Virgin Galactic's check flight fails to achieve area after triggering a fail-safe touchdown

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Virgo Galactic attempted a test flight of its SpaceShipTwo Unity spacecraft on Saturday but the flight was canceled after the spacecraft detached from its carrier aircraft. A resilience prevented the Unity rocket engines from igniting because the computer that monitors the rockets has somehow lost its connection to the rocket engines themselves, Virgin Galactic announced on Monday.

The fail-safe shutdown meant that both SpaceShipTwo Unity and the carrier aircraft, along with all of the pilots on board, would return safely to Earth to land successfully without incident. However, the test flight was supposed to extend into space, and this would have been a major stage event to clear the way for the flight of the first actual paying passengers from the company's New Mexico spaceport.

Virgo Galactic has already been flown twice into space, including first in 2018 and then again in 2019. However, this would have been the first suborbital space flight from New Mexico. However, this is a required preparatory step before he can serve commercial customers from his operating base there.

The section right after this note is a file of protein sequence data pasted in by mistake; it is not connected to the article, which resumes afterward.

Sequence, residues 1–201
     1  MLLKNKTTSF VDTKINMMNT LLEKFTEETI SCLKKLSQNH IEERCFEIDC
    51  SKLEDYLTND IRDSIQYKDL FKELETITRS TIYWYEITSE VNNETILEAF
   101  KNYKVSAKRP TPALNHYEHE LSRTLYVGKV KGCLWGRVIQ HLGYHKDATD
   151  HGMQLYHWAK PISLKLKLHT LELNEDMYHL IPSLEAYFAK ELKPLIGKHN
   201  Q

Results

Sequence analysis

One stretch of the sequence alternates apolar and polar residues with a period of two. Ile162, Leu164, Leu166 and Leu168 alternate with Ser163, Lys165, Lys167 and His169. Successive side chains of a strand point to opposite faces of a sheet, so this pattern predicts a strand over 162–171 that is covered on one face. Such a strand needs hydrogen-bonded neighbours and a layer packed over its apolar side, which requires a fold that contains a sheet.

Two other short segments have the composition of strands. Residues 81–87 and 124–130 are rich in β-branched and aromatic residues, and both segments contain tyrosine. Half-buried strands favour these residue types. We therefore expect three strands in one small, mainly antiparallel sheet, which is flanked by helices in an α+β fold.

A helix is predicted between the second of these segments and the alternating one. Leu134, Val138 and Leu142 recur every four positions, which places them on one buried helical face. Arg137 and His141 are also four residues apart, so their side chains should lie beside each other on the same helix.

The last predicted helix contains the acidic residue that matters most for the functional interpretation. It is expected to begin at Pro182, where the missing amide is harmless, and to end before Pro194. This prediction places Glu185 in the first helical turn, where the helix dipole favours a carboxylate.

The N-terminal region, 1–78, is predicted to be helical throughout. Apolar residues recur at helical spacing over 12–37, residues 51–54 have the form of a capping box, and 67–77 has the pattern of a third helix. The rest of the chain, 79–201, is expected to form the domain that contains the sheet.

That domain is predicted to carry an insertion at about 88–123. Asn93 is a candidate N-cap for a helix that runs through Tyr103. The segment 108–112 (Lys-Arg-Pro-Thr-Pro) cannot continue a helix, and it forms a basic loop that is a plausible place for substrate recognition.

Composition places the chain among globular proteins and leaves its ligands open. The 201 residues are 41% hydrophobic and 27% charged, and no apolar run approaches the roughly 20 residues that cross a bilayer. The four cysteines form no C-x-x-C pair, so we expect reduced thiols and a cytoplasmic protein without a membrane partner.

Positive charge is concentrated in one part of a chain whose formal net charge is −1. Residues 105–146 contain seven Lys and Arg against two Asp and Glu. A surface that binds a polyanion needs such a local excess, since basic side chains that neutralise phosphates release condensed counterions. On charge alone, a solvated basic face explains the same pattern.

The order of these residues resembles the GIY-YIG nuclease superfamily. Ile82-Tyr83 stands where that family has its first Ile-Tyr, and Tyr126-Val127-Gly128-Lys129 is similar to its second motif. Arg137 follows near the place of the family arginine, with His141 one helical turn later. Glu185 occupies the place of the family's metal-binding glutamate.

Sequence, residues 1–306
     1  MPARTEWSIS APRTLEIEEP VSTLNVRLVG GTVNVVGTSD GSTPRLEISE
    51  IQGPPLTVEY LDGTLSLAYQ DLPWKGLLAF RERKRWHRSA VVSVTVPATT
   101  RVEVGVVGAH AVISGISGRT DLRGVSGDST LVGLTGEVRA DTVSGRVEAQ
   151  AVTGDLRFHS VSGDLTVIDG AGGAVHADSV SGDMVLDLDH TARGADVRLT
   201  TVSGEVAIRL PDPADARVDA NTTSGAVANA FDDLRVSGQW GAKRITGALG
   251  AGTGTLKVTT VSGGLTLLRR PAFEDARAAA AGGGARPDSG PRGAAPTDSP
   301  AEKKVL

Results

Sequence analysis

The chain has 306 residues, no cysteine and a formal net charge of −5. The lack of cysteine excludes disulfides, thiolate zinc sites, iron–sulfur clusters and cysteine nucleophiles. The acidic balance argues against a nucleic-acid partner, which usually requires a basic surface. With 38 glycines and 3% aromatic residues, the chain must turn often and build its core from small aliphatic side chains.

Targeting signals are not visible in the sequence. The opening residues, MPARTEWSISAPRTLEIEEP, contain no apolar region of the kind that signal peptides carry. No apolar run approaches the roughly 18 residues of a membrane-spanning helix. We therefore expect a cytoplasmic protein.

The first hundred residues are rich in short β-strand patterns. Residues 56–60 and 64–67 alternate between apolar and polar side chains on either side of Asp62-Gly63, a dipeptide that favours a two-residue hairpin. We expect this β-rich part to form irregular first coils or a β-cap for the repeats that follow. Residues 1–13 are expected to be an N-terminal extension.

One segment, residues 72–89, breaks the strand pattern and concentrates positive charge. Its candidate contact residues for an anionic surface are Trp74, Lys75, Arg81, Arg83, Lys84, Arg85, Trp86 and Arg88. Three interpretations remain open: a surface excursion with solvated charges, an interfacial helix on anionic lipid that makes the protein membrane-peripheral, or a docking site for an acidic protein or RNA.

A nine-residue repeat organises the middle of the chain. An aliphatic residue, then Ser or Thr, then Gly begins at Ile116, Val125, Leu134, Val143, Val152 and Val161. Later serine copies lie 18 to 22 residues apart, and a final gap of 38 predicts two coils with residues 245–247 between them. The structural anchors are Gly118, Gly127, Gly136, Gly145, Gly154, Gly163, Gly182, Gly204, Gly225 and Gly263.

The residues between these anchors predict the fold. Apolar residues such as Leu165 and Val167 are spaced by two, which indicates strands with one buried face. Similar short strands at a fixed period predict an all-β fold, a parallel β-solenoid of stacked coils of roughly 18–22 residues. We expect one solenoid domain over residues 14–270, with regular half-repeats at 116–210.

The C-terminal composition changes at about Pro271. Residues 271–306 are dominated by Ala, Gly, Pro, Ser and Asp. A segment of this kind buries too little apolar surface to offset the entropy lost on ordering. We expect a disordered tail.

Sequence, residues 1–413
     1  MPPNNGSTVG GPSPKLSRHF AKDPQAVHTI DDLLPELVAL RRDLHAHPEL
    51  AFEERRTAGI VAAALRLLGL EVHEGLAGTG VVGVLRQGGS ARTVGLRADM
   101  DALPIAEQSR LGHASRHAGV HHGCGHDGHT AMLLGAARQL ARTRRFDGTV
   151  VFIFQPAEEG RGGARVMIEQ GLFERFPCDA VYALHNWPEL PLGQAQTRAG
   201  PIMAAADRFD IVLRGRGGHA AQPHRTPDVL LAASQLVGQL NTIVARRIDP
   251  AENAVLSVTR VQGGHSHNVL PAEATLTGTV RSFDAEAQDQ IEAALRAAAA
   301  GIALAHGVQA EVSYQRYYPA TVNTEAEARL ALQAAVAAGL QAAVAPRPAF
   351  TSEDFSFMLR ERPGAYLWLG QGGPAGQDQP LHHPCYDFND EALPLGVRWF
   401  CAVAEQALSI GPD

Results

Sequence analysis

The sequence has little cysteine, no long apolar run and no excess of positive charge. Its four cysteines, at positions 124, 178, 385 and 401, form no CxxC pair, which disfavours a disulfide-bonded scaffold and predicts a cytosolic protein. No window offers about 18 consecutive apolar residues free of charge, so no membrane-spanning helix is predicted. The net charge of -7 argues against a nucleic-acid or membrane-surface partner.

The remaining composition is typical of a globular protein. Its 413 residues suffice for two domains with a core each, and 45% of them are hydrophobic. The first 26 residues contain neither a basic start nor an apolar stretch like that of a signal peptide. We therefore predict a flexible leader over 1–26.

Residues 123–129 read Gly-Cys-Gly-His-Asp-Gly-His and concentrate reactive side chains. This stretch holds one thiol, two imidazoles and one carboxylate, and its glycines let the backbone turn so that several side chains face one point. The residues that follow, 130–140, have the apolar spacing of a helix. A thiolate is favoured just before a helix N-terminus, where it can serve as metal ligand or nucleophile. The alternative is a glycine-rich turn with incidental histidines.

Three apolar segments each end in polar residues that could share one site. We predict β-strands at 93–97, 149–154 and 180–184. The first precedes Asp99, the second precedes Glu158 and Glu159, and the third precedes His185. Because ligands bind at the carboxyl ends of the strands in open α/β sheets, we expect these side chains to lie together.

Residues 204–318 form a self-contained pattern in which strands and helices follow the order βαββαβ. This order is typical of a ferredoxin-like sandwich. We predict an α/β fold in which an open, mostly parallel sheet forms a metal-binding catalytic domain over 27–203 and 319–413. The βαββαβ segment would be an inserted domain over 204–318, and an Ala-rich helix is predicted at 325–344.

"Virgin Galactic is now conducting post-flight analysis and so far has reported that the on-board computer monitoring the propulsion system has lost its connection, creating a fail-safe scenario that deliberately stopped the rocket motor from igniting," Virgin shared in a blog post with detailing what happened during the test. “Like others in the spaceship, this system is designed to be placed in a safe state by default if the power supply or communication with sensors is interrupted. The pilots in the spacecraft, as well as the engineers and pilots in mission control, are well prepared for non-nominal results as they plan and rehearse many possible scenarios during pre-flight simulation exercises, including a scenario where the rocket motor ignites upon discharge not from the mothership. "

Obviously, this is not an ideal result for the publicly traded space tourism company, and the market's reaction reflects disappointment among public investors. Michael Colglazer, CEO of Virgin Galactic, stated that while the conclusion of this test is far from nominal, it shows that its security measures are working as planned. He added that they will continue their flight test program, albeit with one iteration of that program, before proceeding.